Baker Perkins MAX3 feed system - NEA POWDER COATING NEWS

Baker Perkins MAX3 feed system

The innovative Baker Perkins MAX³ feed system for twin-screw powder coating extruders solves a long-term problem within the industry of restricted output and torque surges caused by material building up in the extruder feed port. The introduction of MAX³ has led to impressive production increases at installations throughout the world, over all formulations.

The patented MAX³ system features a re-designed feed port and screws to improve flow of material into the extruder barrel and air out of it. Material build up occurs when particles hit the intake screws and ‘bounce’ back into the infeed areas, rather than flowing into the machine.

As the material trapped in the infeed area builds up, it becomes progressively more difficult for ait to escape, which reduces even further the flow of material into the extruder barrel. The torque load increases until either the blockage clears and the cycle repeats, or the machine cuts out.

The most common way of dealing with the problem was to reduce the feed rate of material into the extruder, inevitably leading to lower output. With MAX³ the extruder is still ‘starve fed’, but at a higher rate.

Efficient material handling

A major benefit is that lightweight, low-density materials are handled much more efficiently, eliminating the need for side feeding.   Side feeders have been a useful alternative to conventional top feeding in the powder coating industry. They were developed 20 years ago, and served a purpose for some applications – especially where lightweight materials or/and a high percentage of fines was involved.

With the development of the MAX³ feeding system, they have had their day.  There are some serious drawbacks to side feeding. Extra floor space is needed; cost of ownership is higher, with increased capital and operating expenditure; the operator’s job is more awkward with access difficulties; and cleaning takes much longer.

Side feeders force product into the screws, causing high levels of wear. They create heat which can affect quality by pre-curing; pre-melt of resin on the screws causes loss of conveying capacity. Changing parameters for a new product takes time, increasing turnaround between runs.

Some very specialist operations may still justify side feeding, but these situations are rare.   The MAX³ top feeding system has proven versatility to handle a broad range of materials including lightweight low-density recipes with high levels of fines.

Throughput improvements

In production at customers’ plants, the MAX³ consistently leads to a throughput increase of up to 40%. Some results have been spectacular.

In Korea, installing a MAX³ system and upgrading the screw configuration on an 80mm MP twin-screw extruder raised output almost 300%, from 525 to 1500 kg/hour.  The product is an epoxy coating for underground pipes – a heavy duty functional coating that is notoriously difficult to process.

In Italy, trials with the MAX³ feed system on an extruder installed in 1999 eliminated 30% torque surges and raised throughput from 800 to 1560 kg/hour.  

These trials involved an MP80 extruder using a black epoxy formulation with 40% low density filler.  This had proved difficult to extrude due to torque fluctuations caused by the low density, and is a problem the MAX³ feed system was specifically designed to resolve.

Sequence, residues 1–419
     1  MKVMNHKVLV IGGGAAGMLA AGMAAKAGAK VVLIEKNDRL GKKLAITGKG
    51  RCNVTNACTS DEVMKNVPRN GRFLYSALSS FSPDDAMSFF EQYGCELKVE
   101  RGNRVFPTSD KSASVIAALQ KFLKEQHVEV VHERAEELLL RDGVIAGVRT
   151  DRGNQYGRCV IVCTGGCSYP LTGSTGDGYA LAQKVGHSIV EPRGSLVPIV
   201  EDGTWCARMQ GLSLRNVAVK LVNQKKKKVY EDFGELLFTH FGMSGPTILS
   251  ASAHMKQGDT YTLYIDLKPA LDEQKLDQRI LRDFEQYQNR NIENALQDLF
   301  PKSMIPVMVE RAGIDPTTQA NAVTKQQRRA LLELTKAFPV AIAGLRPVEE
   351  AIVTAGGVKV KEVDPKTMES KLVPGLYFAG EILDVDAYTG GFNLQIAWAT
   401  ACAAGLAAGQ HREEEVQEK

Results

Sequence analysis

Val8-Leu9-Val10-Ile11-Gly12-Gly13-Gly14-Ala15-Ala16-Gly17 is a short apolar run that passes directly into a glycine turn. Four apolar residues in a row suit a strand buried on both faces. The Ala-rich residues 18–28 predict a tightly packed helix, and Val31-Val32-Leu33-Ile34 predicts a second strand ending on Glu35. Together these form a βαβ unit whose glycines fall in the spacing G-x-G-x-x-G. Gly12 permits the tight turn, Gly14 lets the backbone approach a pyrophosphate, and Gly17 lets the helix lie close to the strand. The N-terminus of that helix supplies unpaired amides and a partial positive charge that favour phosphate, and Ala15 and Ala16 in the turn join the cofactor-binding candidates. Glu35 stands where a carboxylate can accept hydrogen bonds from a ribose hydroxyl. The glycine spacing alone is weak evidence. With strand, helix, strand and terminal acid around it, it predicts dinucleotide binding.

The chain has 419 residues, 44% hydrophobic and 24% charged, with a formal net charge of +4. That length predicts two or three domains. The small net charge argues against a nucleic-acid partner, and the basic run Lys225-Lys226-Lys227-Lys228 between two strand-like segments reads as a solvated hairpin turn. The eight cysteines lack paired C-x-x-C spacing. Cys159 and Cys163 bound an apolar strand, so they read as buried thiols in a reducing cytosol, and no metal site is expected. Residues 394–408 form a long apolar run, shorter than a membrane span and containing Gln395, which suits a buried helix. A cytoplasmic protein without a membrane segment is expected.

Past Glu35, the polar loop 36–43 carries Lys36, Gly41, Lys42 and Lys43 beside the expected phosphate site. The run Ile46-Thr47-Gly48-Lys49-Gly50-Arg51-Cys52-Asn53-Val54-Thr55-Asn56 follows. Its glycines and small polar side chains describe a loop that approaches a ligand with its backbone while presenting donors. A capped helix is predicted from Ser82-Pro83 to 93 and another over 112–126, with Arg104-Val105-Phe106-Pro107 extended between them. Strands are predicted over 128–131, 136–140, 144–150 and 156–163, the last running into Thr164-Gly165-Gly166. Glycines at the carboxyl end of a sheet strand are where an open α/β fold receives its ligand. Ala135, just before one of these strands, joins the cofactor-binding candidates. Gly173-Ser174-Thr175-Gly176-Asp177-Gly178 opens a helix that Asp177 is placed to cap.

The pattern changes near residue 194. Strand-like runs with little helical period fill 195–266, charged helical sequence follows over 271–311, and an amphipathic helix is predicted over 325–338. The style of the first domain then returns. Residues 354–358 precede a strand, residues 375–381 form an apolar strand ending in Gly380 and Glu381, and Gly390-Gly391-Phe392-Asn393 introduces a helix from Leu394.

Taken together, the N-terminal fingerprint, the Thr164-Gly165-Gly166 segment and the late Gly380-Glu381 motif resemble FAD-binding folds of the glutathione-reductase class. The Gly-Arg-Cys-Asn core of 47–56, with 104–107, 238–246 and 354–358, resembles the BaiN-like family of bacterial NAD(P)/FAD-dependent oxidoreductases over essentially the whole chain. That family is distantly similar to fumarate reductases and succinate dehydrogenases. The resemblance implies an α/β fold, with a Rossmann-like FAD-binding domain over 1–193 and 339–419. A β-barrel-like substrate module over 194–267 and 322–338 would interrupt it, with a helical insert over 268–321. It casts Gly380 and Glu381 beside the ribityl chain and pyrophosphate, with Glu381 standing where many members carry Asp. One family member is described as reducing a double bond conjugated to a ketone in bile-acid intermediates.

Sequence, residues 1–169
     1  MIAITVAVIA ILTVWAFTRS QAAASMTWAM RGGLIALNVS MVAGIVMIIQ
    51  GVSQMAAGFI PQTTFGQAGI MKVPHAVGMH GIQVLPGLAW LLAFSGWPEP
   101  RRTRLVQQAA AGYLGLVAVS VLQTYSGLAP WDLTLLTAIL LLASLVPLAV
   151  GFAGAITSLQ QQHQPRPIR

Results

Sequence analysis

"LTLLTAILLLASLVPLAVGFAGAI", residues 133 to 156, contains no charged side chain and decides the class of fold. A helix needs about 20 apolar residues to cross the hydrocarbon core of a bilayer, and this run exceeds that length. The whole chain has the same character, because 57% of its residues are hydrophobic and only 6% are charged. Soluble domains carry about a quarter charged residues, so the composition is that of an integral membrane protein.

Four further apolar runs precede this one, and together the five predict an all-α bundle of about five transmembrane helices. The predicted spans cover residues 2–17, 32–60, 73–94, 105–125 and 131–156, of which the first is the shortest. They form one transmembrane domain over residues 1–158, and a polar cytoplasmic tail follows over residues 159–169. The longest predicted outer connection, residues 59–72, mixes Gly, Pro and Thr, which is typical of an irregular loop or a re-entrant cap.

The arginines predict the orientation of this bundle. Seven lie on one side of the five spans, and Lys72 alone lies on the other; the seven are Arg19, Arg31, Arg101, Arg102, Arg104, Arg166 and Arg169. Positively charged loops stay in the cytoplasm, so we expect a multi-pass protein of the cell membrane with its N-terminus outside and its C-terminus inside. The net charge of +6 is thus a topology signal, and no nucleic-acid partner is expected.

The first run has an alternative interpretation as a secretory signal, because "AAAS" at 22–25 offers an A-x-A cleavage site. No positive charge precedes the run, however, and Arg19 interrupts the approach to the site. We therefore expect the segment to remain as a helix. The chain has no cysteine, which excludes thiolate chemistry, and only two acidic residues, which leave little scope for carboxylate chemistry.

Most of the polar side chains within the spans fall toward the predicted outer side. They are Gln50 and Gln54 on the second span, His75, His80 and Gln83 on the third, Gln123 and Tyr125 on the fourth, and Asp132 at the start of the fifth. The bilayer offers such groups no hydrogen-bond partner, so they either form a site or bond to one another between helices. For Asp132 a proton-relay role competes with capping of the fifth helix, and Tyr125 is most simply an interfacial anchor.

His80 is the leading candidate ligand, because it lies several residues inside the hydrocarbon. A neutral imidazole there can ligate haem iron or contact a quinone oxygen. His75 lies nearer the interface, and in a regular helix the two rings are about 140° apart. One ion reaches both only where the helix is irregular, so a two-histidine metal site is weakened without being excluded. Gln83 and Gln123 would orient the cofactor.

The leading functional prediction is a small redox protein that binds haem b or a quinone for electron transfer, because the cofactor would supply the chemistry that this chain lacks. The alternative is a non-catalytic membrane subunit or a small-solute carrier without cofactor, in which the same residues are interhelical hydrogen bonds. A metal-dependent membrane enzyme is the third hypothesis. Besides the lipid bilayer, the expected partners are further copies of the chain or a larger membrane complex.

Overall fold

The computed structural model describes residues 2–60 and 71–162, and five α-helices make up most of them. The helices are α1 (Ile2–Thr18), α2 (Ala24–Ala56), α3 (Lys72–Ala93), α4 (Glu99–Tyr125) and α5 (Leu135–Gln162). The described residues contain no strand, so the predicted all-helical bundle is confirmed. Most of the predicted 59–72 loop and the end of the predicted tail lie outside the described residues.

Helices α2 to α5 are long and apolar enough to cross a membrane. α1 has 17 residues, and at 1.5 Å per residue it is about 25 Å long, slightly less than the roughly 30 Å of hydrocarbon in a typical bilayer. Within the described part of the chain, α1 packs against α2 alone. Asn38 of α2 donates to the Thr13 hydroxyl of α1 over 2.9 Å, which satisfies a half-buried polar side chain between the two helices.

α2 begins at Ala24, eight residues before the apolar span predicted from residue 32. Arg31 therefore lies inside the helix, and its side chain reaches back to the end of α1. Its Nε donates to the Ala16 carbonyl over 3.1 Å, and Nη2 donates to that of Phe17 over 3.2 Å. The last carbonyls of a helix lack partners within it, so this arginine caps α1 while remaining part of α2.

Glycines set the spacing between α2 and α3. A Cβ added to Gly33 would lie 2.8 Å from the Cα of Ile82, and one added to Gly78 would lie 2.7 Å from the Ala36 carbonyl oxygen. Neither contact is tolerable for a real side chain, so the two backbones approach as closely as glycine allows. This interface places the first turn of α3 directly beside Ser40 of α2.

At this installation MAX³ twin lead screws were fitted to replace conventional Alpha/Beta screws to reduce feed material ‘bounce’ and allow the lower bulk density fillers to fall into the screw flights.

The torque fluctuation disappeared and the feed rate was increased to over 1600kg/hour, although capacity restrictions on the downstream equipment meant that 1560 kg/hour was the optimum rate.

In the USA trials with two 65mm machines saw output rise by 275%.   The test machine was a new MPX65, fitted with a MAX³ feed port and screw configuration. The other is an original MP65 with the same power and speed but without MAX³ or additional cooling development.

The result - 1,200 kg/hour on the new extruder versus 435 kg/hour on the previous model - was an exceptional increase. These trials involved exactly the same formulation to ensure a true comparison.

Also in the USA, a MP65 600rpm extruder that was only able to achieve 34% torque due to issues feeding a low bulk density black epoxy was fitted with new MAX³ twin lead feed screws, and was able to increase the torque to 56%. This resulted in throughput going up from 308 kg/hr to 517 kg/hr - a 67% increase.  The customer is now using these feed screws on all their lines.

In the UK, a customer running a semi-gloss polyester had torque instability, fluctuating between 45% and 58%. Product was also bridging and backing up the feeder funnel. When new MAX³ lead screws were fitted, the torque stabilized at 48%.  Throughput increased by 9% to 1,157kg/hour, and labour costs were reduced because a dedicated operator was no longer needed to watch over the torque fluctuations.

Baker Perkins capability to optimise productivity and quality in powder coating plants is based both on expertise gained in the field, and by trials in the Innovation Centre at Peterborough. These have included the successful transfer of production from single-screw and competitors’ twin-screw machines to Baker Perkins extruders.

The MAX³ is available with Baker Perkins’ MPX30, 40, 50, 65 and 80 barrel diameter extruders and also the MPX24 Integra laboratory and small batch machine.  It can be retrofitted to existing machines.

Contact Baker Perkins:
Barry Dean 
Sales Manager 

Christian Begass

Christian Begass

Product Specialist Powder Coating


NEUMAN & ESSER Process Technology
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